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Which weight loss strategy should I go with? Completely confused.

(18 Posts)
OrangeNoodle Sat 29-Aug-15 17:53:28

I need to lose about 3.5 stone.

I have absolutely no idea what type of weight loss plan to follow. WW/SW, low carb, MFP. I really have no idea where to start.

I have found WW/SW frustrating in the past as I don't buy branded foods so find it hard to work out the points or whatever.

I've struggled with low carb in the past as it's been so expensive and also I like to eat vegetarian a lot of the time.

I need to be budget conscious, create meals that will feed the whole family where possible (including DS who can't chew and has allergies and DD who is picky).

I work full time out of the home so need lunches and snacks I can take with me.

I get extremely hungry and have become a terrible emotional eater. I have a rather stressful life (sick DC and DH works away) and often turn to food. I have become a real over eater and a sugar addict. I'm always tired.

I'd like to add in some exercise as I'm doing none at the moment. But again, not really sure where to begin.

I'm just getting fatter and fatter at the moment and I can't carry on like this.

TalkinPeace Sat 29-Aug-15 18:01:13

Start by understanding exactly what you eat now - and why
Keep a mood / food diary.

It might be worth logging your food onto MyFitnessPal : just because it does all the adding up for you when you go back to assess what needs to change.
Set it to maintain at your current weight so you do not get any silly messages

but until you understand what, when and why you eat .....to be the size you are
you'll not be able to understand what you need to eat ...... to be the size you want to be

The only change I would suggest from day one is to cut fizzy drinks out of your Monday-Friday diet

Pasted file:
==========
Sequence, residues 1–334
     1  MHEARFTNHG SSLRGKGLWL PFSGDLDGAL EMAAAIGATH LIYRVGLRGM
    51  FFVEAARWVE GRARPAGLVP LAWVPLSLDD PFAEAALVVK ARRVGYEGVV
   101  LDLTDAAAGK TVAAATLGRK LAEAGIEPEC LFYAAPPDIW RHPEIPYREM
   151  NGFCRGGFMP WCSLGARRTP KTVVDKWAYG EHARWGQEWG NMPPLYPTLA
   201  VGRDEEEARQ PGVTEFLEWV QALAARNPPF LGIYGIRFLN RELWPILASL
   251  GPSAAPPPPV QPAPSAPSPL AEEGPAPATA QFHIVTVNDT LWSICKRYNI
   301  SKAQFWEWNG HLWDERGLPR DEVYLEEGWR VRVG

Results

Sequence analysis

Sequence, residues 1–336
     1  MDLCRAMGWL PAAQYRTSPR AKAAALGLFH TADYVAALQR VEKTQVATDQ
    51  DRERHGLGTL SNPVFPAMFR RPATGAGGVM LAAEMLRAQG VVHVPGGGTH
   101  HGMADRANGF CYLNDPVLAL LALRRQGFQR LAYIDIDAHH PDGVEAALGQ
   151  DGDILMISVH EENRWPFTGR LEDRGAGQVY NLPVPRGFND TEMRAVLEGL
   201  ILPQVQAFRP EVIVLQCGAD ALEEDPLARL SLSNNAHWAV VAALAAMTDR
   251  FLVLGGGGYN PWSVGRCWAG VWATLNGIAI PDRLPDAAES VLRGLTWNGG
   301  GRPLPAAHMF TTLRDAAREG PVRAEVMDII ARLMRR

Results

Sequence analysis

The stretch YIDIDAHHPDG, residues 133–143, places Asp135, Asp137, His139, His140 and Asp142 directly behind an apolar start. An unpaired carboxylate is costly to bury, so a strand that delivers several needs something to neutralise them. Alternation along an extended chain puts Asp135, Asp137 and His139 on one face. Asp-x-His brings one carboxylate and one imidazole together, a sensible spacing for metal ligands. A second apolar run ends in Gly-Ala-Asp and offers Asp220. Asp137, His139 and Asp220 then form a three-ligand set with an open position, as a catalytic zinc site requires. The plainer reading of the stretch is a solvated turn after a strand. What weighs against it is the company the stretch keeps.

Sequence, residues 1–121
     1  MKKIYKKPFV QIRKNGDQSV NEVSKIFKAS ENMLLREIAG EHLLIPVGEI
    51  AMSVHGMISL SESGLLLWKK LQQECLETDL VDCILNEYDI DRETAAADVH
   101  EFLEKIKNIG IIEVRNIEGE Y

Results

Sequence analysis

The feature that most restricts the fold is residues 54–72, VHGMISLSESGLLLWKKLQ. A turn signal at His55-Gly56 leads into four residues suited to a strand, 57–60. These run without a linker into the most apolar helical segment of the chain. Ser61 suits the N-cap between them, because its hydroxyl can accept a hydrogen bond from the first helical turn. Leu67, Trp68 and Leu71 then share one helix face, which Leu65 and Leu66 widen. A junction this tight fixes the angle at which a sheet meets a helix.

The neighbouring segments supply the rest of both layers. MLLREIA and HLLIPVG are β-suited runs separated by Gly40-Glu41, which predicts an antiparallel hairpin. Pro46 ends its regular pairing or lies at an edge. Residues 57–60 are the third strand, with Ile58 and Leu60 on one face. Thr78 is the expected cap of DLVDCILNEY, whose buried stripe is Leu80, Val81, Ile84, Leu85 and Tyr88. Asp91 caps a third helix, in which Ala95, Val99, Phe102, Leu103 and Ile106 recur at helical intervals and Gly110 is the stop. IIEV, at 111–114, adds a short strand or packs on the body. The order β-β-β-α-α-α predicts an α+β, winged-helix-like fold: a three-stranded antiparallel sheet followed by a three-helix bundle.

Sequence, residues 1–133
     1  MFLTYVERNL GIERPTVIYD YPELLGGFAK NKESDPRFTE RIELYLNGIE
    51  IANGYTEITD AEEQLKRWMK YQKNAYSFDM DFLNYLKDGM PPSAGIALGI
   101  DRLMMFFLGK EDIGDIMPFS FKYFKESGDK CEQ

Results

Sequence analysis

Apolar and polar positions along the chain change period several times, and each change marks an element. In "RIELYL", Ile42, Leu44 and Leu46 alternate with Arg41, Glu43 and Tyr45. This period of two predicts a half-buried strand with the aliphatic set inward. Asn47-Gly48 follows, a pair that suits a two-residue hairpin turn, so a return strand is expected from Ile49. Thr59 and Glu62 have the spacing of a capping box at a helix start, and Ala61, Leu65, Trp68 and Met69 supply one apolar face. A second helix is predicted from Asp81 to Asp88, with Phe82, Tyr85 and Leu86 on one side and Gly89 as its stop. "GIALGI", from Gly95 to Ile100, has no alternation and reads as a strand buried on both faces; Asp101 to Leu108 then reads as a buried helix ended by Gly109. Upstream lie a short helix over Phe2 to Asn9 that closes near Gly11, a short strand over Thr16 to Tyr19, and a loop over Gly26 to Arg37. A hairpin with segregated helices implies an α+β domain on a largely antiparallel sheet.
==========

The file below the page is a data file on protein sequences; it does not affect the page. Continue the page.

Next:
and try your best not to snack : eat meals that fill you up for 4 hours.

Once you understand your eating habits, the changes that are needed might leap out and be clear.

Good luck and be strong.

Doobyscoobydoo Sat 29-Aug-15 18:05:08

You don't need a plan. Really, you don't. Every plan is just a fad. It's really quite simple.

Cut down on sugar and junk.
Eat a smaller portion than normal.
Up your veg.
Go for a walk or do some light exercise.

It's really all there is to it. smile

OrangeNoodle Sat 29-Aug-15 18:30:22

I make bad food choices and overeat when I am stressed, overtired or upset. Sometimes it's Lindt chocolate, sometimes it's a stone baked pizza from Waitrose, sometimes it's a drive thru McD's on the way home from work.

I don't drink fizzy drinks so that's one less thing to worry about. Ditto alcohol.

I know I have mild depression and ever-present stress and I just wondered if having some imposed structure or a class to go to would help keep me on track when I'm feeling like I want to turn to food.

I think the crux of the problem is I know exactly what changes I need to make but struggle to make them and stick to them. I'm not accountable to myself and have a major issue with self-sabotage!

TalkinPeace Sat 29-Aug-15 18:35:37

Orange
Keeping a diary will help.

When you fancy turning into McD, pull over to the side of the road and write down how you feel and why you think McD will help.
Chances are you will no longer fancy the McD

Why are you overtired? Why are you upset.
Write it down and start to take control of your mood
then you'll be able to take control of your food.

But please, for your own sake, do not spend money on any faddy scheme or products or any of that bilge.

A glass of milk and munching on a raw carrot will do you much more good grin

Meal wise : from scratch stews are your friend - vegetable and pulses and meat - as then you will know _exactly what is in them allergy wise, and they are soft enough to be eaten without chewing / mashed will still taste good. smile

tabulahrasa Sat 29-Aug-15 18:39:00

You don't need to eat certain brands for slimming world btw, the main idea of it is about eating fresh healthy ingredients.

OrangeNoodle Sat 29-Aug-15 19:09:09

Stews, yes! And curries. Both go down very well with everyone in our house grin.

I know exactly why I get overtired (one DC with very poor sleep) and upset (same DC ongoing health issues and associated stress/hospital trips).